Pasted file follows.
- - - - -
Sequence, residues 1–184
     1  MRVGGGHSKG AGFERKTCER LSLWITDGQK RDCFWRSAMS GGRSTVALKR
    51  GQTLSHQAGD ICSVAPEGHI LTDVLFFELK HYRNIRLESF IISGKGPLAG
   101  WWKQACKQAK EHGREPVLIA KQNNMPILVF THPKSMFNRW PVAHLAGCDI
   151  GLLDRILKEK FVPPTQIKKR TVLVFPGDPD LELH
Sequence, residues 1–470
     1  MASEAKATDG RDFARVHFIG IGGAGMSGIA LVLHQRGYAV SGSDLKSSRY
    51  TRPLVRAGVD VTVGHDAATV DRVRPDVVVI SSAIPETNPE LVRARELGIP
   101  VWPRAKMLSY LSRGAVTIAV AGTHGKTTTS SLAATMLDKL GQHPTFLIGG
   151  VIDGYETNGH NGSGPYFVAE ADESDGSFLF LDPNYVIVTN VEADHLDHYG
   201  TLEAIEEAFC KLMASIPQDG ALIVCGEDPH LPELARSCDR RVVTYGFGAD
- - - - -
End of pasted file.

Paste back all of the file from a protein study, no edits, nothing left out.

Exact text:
Sequence, residues 1–184
     1  MRVGGGHSKG AGFERKTCER LSLWITDGQK RDCFWRSAMS GGRSTVALKR
    51  GQTLSHQAGD ICSVAPEGHI LTDVLFFELK HYRNIRLESF IISGKGPLAG
   101  WWKQACKQAK EHGREPVLIA KQNNMPILVF THPKSMFNRW PVAHLAGCDI
   151  GLLDRILKEK FVPPTQIKKR TVLVFPGDPD LELH
Sequence, residues 1–470
     1  MASEAKATDG RDFARVHFIG IGGAGMSGIA LVLHQRGYAV SGSDLKSSRY
    51  TRPLVRAGVD VTVGHDAATV DRVRPDVVVI SSAIPETNPE LVRARELGIP
   101  VWPRAKMLSY LSRGAVTIAV AGTHGKTTTS SLAATMLDKL GQHPTFLIGG
   151  VIDGYETNGH NGSGPYFVAE ADESDGSFLF LDPNYVIVTN VEADHLDHYG
   201  TLEAIEEAFC KLMASIPQDG ALIVCGEDPH LPELARSCDR RVVTYGFGAD